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food security

The politics of food

This post is long overdue! There is lot of confusion, misconception, misunderstanding and general ignorance about food; how it is produced, how it is distributed and why our food is under threat.

A lot of people take for granted that there is an abundance supply of cheap food. The local supermarkets never run out of food – cheap food, which is a misconception. Most supermarkets would be empty within 48 hours if not replenished on a constant basis, but this does not imply that the food is fresh, in the case of fresh produce.

Do people ever wonder where the food comes from? Most people are so disconnected from their food source and hence, fail to make the vital food connection; production, agricultural practice, supply chain and retailing.

If only food could talk and tell its story, it is anything but cheap.

Supermarket “fresh” food is often grown all over the place, and then transported across a great distance to a centralised location where it is prepared and packaged for redistribution throughout the country, often to end up on the shelf of a local supermarket in a location where the food was originally produced, i.e. carrots and potatoes.  And fresh is a misnomer. Food that has been transported over a vast distance and within the process, manipulated to withstand the journey is anything but fresh. Of course, this does not apply to every fresh produce but is relevant to a wide selection like broccoli, carrots, potatoes, apples and tomatoes to name a few.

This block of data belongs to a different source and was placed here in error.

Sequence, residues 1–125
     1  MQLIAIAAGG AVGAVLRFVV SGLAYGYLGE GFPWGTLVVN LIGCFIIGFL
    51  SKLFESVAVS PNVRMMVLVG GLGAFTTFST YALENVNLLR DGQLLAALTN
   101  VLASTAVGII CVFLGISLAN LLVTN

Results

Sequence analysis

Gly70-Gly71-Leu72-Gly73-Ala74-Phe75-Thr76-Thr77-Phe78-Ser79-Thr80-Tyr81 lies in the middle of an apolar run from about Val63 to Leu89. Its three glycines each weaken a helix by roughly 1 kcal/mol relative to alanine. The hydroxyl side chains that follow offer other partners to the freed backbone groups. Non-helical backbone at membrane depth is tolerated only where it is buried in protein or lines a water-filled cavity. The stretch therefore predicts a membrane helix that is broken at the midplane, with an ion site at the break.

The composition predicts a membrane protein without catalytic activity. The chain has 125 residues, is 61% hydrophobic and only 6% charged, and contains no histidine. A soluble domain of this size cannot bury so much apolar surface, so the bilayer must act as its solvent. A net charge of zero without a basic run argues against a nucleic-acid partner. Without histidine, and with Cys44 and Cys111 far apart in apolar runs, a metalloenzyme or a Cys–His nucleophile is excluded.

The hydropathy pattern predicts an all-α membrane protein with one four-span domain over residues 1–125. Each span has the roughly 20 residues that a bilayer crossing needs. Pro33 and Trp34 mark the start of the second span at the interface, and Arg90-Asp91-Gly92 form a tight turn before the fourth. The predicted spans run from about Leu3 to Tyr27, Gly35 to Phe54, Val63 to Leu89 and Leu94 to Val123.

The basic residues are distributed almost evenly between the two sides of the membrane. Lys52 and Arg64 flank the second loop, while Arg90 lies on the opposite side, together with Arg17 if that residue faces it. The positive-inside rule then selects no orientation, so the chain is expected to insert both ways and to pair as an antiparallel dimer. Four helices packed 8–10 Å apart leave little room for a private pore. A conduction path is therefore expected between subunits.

The manipulation of our food comes in various disguises from spraying and waxing treatment to equally harmful form of radiation and pesticide treatment for imported food items such as garlic and bananas.

Food production cannot be taken for granted vis-à-vis peak oil ad climate change. These two factors will have a huge impact on our food supply not just regionally but also globally. A recent UN report forecasted that we would have to pay more for food in the near future:

The only way to ensure food security is to have it grown locally and organically. This means eating food that is in season and suitable for local cultivation. Agriculturally, it means food grown within a certain kilometre radius of where we live, usually between 100 to 200 kilometres.

Recently, there has been a lot of news coverage especially in WA where organic farmers have been affected by GMO contamination from neighbouring plots. If you are not familiar with GMO, you need to get educated on the topic:

Friends of the Earth Australia has produced a GMO free shopping guide available for free from their site and most health food stores and organic retailers:

There is no room for complacency when it comes to GMO in our food supply.

So get out of the house into the garden and plant some edibles today!


About Urban permaculturist

I have an interest in sustainability; from food security to renewable energy. I am also a keen food gardener and vegetarian cook. For more information, check out my blog at:


4 thoughts on “The politics of food

  1. Great post Zainil! Thanks for the links 🙂

    Posted by Sarah | January 5, 2011, 5:51 pm
  2. thanks Zainil and Happy New Year – hope you are enjoying the holiday season! great information!

    Posted by Monique | January 7, 2011, 1:23 pm

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